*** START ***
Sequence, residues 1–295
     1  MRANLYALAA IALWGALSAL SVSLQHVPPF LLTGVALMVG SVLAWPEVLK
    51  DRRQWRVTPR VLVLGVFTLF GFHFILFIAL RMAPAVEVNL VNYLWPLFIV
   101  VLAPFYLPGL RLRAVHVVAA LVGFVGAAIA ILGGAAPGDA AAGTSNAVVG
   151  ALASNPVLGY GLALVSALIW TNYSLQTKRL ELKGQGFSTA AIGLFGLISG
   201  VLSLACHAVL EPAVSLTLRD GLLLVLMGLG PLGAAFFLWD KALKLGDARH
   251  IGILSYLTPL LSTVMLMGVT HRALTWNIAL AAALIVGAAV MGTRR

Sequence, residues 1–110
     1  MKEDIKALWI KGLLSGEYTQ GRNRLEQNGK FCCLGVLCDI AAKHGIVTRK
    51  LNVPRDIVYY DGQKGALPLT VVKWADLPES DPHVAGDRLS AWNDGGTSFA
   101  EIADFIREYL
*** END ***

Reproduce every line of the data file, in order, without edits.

Sequence, residues 1–295
     1  MRANLYALAA IALWGALSAL SVSLQHVPPF LLTGVALMVG SVLAWPEVLK
    51  DRRQWRVTPR VLVLGVFTLF GFHFILFIAL RMAPAVEVNL VNYLWPLFIV
   101  VLAPFYLPGL RLRAVHVVAA LVGFVGAAIA ILGGAAPGDA AAGTSNAVVG
   151  ALASNPVLGY GLALVSALIW TNYSLQTKRL ELKGQGFSTA AIGLFGLISG
   201  VLSLACHAVL EPAVSLTLRD GLLLVLMGLG PLGAAFFLWD KALKLGDARH
   251  IGILSYLTPL LSTVMLMGVT HRALTWNIAL AAALIVGAAV MGTRR

Sequence, residues 1–110
     1  MKEDIKALWI KGLLSGEYTQ GRNRLEQNGK FCCLGVLCDI AAKHGIVTRK
    51  LNVPRDIVYY DGQKGALPLT VVKWADLPES DPHVAGDRLS AWNDGGTSFA
   101  EIADFIREYL